Buying Property in Finland as A Foreigner: A How-To Guide
Do you ever want to buy a property in Finland and stay there? Known for its pristine forests, crystal-clear lakes, and an abundance of wildlife, Finland is beautiful. It’s evident what Finland offers its citizens when considering low pollution levels and clean air. The beauty of the natural environment is regarded by many as a primary reason why this country is an excellent living place.
From 2020, buyers from outside the European Union and the European Economic Area (EEA) will have to obtain permission from the Finnish Ministry of Defence to purchase real estate in Finland. You should also note that, in Finland, you don’t need a permit when buying shares in housing companies, which is how most people acquire apartments.
There is no doubt that real estate is one of the best investments. This how-to guide will help you learn everything you need if you want to obtain a property in Finland. To learn how much houses and apartments cost in Finland, read this article.
Can a foreigner buy a house in Finland?
As part of the new legislation passed in March this year, foreign residents must obtain permission to buy real estate in Finland on 1 January 2020. It’s necessary for the applications to be submitted electronically to the Ministry of Defence to be considered.
In an interview with Yle News, Matias Warsta, Director of Real Estate and Environment at the Ministry of Defense, explained that the legislation is in place to protect national security.
Warsta explained that there had been a significant decline in security in the Baltic region over the last decade. Thus, they want to create a system to monitor and control real estate purchases in Finland to help them secure the national interest to protect the country.
Land use and real estate ownership are now regulated to ensure national security throughout Finland, except for the Åland Islands. Only property deals that are closed after January 1, 2020, will be affected by this law.
Private individuals, companies, or other entities domiciled outside the European Union (EU) or the European Economic Area (EEA) must obtain the permit. Moreover, Warsta stressed that even if one of the partners of joint ownership is a foreign national, permission must be obtained to make the purchase.
In the case of dual citizenship, the person doesn’t need to apply for the permit if one of the nationalities is in an EU or EEA country.
If you don’t want to go through the hassle of getting a permit, you may opt to purchase a housing company share. This process is how many foreigners obtained their apartments in Finland.
House prices in Finland in 2023
To give you an idea of how much buying a property costs in Finland, the table below shows the average price of housing in the country.
|City||The average lot size for a one-family house in a zoned area (sq.m.)||Average price (€)||Median price (€)|
The process of buying a property in Finland
In Finland, if you want to buy a property, you have two options: purchasing a piece of real estate or a share of housing. The majority of apartments are owned as shares in a housing company.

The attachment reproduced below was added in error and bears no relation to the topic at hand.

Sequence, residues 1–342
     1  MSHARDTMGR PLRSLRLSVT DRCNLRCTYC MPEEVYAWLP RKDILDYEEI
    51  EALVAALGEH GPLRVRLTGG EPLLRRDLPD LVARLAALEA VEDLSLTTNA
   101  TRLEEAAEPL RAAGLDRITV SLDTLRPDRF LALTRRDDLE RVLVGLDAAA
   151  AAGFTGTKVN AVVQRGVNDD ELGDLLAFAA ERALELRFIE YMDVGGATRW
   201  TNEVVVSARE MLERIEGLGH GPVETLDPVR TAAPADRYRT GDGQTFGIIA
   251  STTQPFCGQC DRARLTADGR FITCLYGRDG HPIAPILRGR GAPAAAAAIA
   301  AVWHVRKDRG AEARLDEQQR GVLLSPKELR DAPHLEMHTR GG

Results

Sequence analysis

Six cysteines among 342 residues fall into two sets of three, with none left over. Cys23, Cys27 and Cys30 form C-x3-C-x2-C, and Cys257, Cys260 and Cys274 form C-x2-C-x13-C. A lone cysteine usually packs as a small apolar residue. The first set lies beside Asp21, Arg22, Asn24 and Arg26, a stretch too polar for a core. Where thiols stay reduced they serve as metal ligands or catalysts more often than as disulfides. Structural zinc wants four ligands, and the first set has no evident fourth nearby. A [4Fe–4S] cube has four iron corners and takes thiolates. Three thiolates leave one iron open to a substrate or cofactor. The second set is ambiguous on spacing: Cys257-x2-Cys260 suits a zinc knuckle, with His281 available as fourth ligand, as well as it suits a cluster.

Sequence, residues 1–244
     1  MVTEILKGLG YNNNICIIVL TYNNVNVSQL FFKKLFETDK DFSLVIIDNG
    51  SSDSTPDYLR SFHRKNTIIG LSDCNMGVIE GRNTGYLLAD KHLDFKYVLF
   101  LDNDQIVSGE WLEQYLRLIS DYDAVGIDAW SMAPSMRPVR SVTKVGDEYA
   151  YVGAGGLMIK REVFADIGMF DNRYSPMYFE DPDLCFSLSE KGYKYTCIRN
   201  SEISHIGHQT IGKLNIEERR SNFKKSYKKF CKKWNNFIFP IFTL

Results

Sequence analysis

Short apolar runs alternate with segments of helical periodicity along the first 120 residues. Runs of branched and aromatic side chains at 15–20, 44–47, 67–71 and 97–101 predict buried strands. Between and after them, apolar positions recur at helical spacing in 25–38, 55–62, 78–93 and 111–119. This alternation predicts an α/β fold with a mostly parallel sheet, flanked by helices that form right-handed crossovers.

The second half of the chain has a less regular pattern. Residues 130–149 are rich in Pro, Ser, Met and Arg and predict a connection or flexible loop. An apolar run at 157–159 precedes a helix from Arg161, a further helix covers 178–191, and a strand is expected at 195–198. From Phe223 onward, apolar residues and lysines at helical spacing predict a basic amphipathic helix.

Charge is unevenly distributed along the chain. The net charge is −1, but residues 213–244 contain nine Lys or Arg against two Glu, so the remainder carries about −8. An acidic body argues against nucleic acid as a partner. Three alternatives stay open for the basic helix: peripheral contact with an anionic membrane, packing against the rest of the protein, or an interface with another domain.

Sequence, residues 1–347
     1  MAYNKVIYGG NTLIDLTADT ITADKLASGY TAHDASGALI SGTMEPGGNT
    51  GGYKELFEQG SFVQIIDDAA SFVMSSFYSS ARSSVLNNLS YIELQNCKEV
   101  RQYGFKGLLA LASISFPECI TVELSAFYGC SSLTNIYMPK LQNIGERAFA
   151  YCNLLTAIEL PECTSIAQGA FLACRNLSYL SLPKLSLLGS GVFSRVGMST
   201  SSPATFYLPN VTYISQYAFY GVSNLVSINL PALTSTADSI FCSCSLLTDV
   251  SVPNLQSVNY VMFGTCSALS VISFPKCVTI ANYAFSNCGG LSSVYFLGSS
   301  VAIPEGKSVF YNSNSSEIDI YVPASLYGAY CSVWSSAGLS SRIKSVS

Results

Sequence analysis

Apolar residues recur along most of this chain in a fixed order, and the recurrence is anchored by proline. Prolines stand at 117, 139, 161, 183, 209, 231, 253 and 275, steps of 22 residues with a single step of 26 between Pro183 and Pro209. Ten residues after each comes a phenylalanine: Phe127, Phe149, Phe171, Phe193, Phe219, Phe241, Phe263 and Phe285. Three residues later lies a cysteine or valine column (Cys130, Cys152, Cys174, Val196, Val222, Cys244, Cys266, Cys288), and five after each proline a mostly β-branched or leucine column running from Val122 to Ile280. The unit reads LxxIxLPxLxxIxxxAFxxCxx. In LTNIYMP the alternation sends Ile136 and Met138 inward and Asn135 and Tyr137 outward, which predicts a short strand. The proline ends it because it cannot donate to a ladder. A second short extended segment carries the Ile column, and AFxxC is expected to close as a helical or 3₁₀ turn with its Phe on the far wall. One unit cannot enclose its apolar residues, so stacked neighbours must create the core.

This could be a new process to adjust to, depending on the type of experience you have already had. If you agree, finding a trustworthy real estate agent who can help you is more vital.
During the buying process, your agent will take care of many details. As soon as you find the home of your dreams and you are ready to make an offer on it, you should be aware that the bid that you are making is legally binding. But, don’t worry!
There is no doubt that the details of the buying process will be made clear to you by your agent, who will ensure that it runs smoothly throughout.
1. Finding a house you like
If you are looking for an apartment, you should be prepared to spend several months searching for the right place. The first thing you need to do is to pick a property that you like and answer all the questions related to it.
Some of the most popular platforms to find houses and apartments are etuovi.com and asunnot.oikotie.fi. Both sites are in Finnish only, so make sure to use a Google translation tool.
Besides, many directory websites provide information about real estate in Finland. Use them to find information on how to find a home and apply for a mortgage. You can also ask a real estate agent for help when buying a property in the country.
2. Checking the property
When you find a property you like, you should ask all the questions related to it. For instance, when considering an apartment, find out from the House Manager what repairs or other work the management company has planned and how much the work will cost.
It may involve high financial costs, so you should know this in advance. The cost of repairing water supply and sewerage pipes can be thousands of euros.
It is essential to assess the condition of the property you want as soon as possible. Ensuring its good condition is your responsibility as a buyer.
There is nothing worse than buying a house and finding a malfunction that could you could have seen during the inspection. That is because you cannot get compensation from the seller for that damage.
Aside from that, it is essential to learn all about the liabilities of making a house purchase in Finland. Housing joint-stock companies are usually liable for defects for two years. Meanwhile, real estate sellers are responsible for five years.